Digital Doors was created as a place for me to blog and share resources that I think would be helpful for teachers integrating technology in meaningful ways in their classroom. My goal would be to write a blog post a week, but with my busy schedule, that doesn't happen. I write when I can and rely on nifty tools to help me share what I am finding when I don't have time to write.

Monday, September 21, 2009

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Asking the right questions:

One of my many hats is that of coach. As a coach, I am trained not to just tell someone how to do something, but to ask questions that encourage deeper thinking and planning. Playing the role of coach in my position with technology is not always easy. A lot of times, teachers just want and need to know an answer on how to do something. They need me to train, not coach. But as I train, I also want to coach.

The other day, someone posted the following question. "Does anyone have a good Social Studies lesson using Movie Maker?" Knowing the context, I know that this was a trainer, wanting to show examples. But it got me to thinking about those times when a teacher is excited about using a new tool and that tool becomes the focus of the lesson, not the content or the process. I decided to go to my PLN (Professional/Personal Learning Network) and ask this question. "What questions should you ask before planning a lesson using technology?" I received some great suggestions.

Many of the questions focused on setting objectives.

1. What is the learning standard being addressed.
2. What is the main goal the teacher wants to achieve?
3. What is it they should learn through technology?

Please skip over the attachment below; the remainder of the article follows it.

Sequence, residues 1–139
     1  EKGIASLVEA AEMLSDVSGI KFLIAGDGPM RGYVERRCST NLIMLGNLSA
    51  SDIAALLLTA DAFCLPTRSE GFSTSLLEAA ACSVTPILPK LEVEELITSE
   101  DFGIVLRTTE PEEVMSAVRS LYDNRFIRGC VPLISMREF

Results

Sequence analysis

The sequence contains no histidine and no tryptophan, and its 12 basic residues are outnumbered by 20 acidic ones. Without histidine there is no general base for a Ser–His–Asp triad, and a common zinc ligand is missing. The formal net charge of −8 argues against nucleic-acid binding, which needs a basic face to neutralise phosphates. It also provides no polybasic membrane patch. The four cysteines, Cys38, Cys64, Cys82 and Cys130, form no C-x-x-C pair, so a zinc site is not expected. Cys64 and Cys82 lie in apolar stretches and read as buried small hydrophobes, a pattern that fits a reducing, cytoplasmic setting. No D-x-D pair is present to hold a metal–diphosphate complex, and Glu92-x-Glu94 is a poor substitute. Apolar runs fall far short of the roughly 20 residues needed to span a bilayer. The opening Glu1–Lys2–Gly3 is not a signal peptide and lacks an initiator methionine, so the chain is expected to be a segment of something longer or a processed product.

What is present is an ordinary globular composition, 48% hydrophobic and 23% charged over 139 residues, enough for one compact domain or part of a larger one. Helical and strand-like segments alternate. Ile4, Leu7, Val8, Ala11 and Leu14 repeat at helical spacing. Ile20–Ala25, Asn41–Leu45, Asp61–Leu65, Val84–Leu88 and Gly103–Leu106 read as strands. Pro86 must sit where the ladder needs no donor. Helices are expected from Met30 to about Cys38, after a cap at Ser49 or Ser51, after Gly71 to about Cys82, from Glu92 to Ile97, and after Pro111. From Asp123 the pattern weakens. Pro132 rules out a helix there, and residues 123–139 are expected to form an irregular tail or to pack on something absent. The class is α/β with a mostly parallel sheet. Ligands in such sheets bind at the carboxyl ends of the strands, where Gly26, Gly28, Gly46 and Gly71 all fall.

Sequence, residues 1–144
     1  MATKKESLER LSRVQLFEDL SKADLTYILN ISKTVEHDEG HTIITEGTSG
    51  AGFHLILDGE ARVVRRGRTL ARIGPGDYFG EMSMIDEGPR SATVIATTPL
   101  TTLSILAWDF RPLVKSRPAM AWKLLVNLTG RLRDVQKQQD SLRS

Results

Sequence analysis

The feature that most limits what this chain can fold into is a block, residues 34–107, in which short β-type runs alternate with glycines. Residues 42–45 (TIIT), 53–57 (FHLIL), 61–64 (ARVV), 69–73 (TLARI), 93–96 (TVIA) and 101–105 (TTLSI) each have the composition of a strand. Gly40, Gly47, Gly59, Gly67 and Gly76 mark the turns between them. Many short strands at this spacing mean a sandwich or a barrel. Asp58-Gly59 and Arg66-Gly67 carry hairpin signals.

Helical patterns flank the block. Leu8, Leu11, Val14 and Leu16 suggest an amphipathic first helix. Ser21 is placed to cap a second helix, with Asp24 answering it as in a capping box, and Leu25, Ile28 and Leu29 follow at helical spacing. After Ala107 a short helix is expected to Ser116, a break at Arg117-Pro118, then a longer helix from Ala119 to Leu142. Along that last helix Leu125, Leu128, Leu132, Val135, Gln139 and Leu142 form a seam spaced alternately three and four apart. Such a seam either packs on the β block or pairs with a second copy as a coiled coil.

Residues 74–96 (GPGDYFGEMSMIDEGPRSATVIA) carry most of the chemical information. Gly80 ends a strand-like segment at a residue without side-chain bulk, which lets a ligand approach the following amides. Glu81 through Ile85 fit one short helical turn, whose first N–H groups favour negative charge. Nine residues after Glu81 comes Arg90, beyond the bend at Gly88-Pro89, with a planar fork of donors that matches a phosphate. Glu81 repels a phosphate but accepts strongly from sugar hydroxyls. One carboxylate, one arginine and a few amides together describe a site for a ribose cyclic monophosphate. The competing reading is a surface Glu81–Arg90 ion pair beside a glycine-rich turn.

4.How can we set the scene so students create, share, and rework the new information & make it their own?

Some questions were about the reason for using technology.

1. What additional skills will they learn through this tool?
2. Is this the most appropriate tool to use?
3. What tool or technique engages or delivers?
4. Why are you using technology?
5. Is the use of technology really a better student experience?

Then there were a few practical considerations.

1. How much time will it take?
2. Do you have the proper resources?
3. Have you tried this before and know what the glitches might be?
4. What is your back up plan if tech fails?

All of these are really great questions. Much of the time, technology has the power to make things more engaging, promote higher level thinking skills and encourage collaboration. These are great reasons to use technology in your classroom. But sometimes, you can reach the same objective, even better without using technology. Unless your learning target is simply to learn how to use a specific application, that should never be your first step in your lesson plan. Start with the objective, then choose the proper tools.

For some great ideas of how to include technology in your content based lessons, take a look at the Washington State Technology Standards. They have done a great job of giving suggestions of where different types of technology plug in to content area lessons in a meaningful and rewarding way. I think as you build your tech tool box, just as you have built your teaching tool box, you will begin to identify when and which tools are appropriate and powerful.

Thanks to those members of my PLN who helped me generate some great questions:
Ann Oro , Diana Laufenberg , Andy Losik , Sharon Elin, Tina, Ginger Lewman
Chad Brannon, Shannon Smith

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